How Is Art Theft Different from Other Types of Theft?

classic art on a red wall -is art theft different from regular theft

How Is Art Theft Different from Other Types of Theft?

Art is beautiful and is often created to be shared. That’s why destroying, forging, or stealing a work of art is a crime. In the state of Arizona, art theft can have serious consequences that range from a misdemeanor to a felony, depending on the circumstances. We dive into the details below.

Art Theft Is Not Just Stealing

Surprisingly, there are three ways to steal art according to the experts at Sotheby’s (a powerhouse in the art world). Art theft can apply to deception and destruction, as well as larceny. 

Theft by Deception

This type of art theft mainly refers to forgeries. Forgery can be making an exact copy of an original piece, with the intent to pass it off as the original. It can also be manufacturing a work of art and trying to pass it off as a “lost” work by another artist. Theft by deception also includes the forgery of any documentation used to assess the history and validity of a piece of art. 

Theft by Destruction 

In the art world, destruction of art typically describes the ruination of art because of politics or war. However, vandalism, performance art stunts, and other actions can also count as theft by destruction. 

Theft by Larceny

Alright, the title is silly, “theft by theft,” but it is the terminology used when describing art crimes. Theft from personal collections and museums is the most common form of art crime. 

Punishments for Art Crimes

When being charged by the Arizona criminal justice system for an art crime they will not be the titles above.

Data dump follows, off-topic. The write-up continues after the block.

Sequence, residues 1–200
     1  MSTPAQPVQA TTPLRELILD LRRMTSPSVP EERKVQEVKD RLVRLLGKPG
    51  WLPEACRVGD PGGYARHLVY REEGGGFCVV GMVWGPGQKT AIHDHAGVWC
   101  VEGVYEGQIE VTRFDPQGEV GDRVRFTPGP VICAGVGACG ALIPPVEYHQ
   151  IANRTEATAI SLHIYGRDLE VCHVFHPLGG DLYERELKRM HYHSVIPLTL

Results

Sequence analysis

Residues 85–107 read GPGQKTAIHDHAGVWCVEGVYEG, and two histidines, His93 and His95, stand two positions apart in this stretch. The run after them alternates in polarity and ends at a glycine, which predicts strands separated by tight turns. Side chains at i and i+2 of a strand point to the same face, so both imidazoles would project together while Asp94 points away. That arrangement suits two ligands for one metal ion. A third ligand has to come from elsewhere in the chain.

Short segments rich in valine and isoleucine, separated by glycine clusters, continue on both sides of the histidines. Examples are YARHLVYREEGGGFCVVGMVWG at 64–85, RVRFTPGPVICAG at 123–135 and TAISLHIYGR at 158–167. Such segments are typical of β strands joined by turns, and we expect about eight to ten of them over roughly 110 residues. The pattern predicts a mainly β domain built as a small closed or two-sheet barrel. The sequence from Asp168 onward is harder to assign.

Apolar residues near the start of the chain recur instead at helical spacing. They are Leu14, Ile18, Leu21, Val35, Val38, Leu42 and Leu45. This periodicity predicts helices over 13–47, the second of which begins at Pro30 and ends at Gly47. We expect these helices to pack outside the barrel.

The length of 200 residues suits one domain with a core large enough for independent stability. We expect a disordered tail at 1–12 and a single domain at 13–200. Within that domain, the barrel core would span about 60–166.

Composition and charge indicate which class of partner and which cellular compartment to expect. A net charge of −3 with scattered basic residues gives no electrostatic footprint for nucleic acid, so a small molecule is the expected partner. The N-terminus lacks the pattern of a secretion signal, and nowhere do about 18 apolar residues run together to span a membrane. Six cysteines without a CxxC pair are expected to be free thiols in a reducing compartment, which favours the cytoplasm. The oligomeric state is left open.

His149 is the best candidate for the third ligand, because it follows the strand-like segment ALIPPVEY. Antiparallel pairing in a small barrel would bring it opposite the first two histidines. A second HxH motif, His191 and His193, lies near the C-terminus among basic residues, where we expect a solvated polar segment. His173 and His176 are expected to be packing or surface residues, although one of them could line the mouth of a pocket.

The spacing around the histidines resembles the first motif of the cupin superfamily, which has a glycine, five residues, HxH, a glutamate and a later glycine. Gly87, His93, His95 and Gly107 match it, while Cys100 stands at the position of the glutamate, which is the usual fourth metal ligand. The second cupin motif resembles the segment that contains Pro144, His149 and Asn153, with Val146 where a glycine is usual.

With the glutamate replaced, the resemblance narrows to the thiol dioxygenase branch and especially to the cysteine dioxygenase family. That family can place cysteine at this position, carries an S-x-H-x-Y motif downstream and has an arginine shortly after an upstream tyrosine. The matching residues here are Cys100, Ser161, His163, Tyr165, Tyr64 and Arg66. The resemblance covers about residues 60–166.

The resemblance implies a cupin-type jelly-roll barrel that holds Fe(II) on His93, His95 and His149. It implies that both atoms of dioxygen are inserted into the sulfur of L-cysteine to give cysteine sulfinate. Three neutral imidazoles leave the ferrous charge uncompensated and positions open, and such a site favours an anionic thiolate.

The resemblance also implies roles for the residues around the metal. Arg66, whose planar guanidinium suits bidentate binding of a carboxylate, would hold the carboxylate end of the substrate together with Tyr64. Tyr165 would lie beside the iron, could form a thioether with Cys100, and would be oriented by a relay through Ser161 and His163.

Theft by deception falls under Arizona’s white-collar crime for forgery. Charges are dependent on the type of forgery. Documentation forgery is a class 4 felony, which can have up to 15 years in prison. Being in possession of a forged object is a class 6 felony, which can land you over 5 years in prison. With either charge there is the possibility of parole or probation as well as fines, fees, and restitution. 

Theft by destruction would be charged as vandalism, also known as criminal damage. The penalties vary depending on the amount of destruction. For destroying a work of art, you could be charged anywhere from a class 2 misdemeanor to a class 4 felony.  

Theft by larceny is, obviously, charged as larceny. In Arizona this is a class 2 felony, and could lead to 12 years in prison along with fees, fines, and restitution. 

If You Are Charged With a Crime, You Need a Lawyer

If you are facing charges related to an art crime, you need a certified criminal defense attorney. Felony convictions can cause enormous upheaval in your life, from spending time behind bars to struggling to find housing and a job after prison. However, an experienced attorney can help ensure the best possible outcome for your case. 

Todd Coolidge has over 25 years of experience in the Arizona court system and knows the importance of giving each case the time and personal attention it deserves. Contact us today for a consultation on your case.




Images used under creative commons license – commercial use (3/7/24). Photo by Andrew Neel on Unsplash.